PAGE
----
In what would be the first such program in the nation, New York will offer free college tuition at four-year universities to low-income students, so long as the state's latest budget proposal is given final approval by lawmakers. The state assembly passed the budget on Saturday, and the state senate is expected to do the same early Monday.
Under the program, students whose families earn less than $125,000 a year will receive free tuition at any public university and community colleges to which they're accepted. Those colleges currently range in cost between $4,350 and $6,470 a year, according to the New York Times, which means a low-income family could save as much as $25,880 under the new proposal. In a tweet, Hillary Clinton praised the proposal as "a great step for progressives."
There are some restrictions, though: To qualify, students would have to reach a minimum threshold for grades and class load in high school, and the proposal wouldn't pay for room and board. In addition, the plan would be phased in over the course of three years, with families that earn more money (up to $125,000 per year) gradually becoming eligible over that time.
Let's celebrate New York State getting something important done that we wanted to do nationally. A great step for progressives. https://t.co/CmUZ8njtWF— Hillary Clinton (@HillaryClinton) April 8, 2017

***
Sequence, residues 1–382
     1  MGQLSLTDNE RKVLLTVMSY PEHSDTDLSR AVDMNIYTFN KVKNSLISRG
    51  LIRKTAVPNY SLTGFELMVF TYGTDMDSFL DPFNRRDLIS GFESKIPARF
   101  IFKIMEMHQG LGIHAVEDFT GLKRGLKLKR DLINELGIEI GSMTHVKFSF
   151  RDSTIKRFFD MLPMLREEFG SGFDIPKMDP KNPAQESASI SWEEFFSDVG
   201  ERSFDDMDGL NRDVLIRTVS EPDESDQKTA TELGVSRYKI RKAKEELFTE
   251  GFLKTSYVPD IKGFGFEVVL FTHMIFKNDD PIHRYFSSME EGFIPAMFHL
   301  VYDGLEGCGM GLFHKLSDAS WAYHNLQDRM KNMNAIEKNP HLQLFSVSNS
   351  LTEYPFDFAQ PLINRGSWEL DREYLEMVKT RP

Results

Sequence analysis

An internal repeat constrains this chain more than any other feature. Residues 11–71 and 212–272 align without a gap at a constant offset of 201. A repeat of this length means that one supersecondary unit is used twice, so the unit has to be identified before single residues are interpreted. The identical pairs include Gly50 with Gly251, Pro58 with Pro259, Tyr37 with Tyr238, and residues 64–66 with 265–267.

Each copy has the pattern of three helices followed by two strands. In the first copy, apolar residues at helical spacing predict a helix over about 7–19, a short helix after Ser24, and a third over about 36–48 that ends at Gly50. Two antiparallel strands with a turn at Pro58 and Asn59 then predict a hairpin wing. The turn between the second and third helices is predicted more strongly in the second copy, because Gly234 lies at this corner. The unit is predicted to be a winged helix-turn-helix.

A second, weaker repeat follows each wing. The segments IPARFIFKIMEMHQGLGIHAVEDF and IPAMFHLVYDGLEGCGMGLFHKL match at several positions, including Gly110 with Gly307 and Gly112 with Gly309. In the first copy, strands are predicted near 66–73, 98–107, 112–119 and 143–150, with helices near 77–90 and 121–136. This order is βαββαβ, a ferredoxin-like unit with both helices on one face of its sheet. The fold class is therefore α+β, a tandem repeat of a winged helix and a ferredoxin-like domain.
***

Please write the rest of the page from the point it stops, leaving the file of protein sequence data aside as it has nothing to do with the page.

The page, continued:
Free four-year tuition for low-income students has recently emerged as one of the biggest priorities of the progressive movement, in part thanks to Sen. Bernie Sanders' tireless advocacy for such a program during the 2016 presidential campaign. Currently, no state offers such assistance, and that will change if and when New York's budget is approved.
"[The program] says, what we thought of high school 50 years ago, is the way you should think of college now," said Gov. Andrew Cuomo, who championed the proposal, on Friday. "Why do we have free public high school? Because we made the determination as society that you needed high school. You needed it to succeed, and you needed it as a society. Well, today, college is what high school was."
Although government assistance for low-income people is generally not a Republican policy priority, the plan has been endorsed by state Senate Majority Leader John Flanagan, a Republican. With him and Cuomo both throwing their weight behind the measure, it's expected to pass when the senate votes on it Monday morning.
If the program passes, it'll be a huge win for Cuomo, who's thought to be considering a 2020 run for the presidency. Since taking office in 2011, the governor has successfully implemented a number of top progressive policies, including raising the minimum wage, enacting stronger gun control laws and legalizing same-sex marriage years before the Supreme Court did the same. However, some on the left have criticized Cuomo for doing some decidedly unprogressive things with regard to the economy, such as cutting taxes for the rich. If New York makes college free for low-income students, Cuomo will have a strong counterargument to those critics.
On a broader level, if this plan passes, progressives will have achieved one of their most significant victories, on both on a substantive and symbolic level, since Donald Trump assumed the presidency in January. This could provide a crucial morale boost to the left, as it would serve as proof that even under Trump, it's possible to affect widespread progressive change.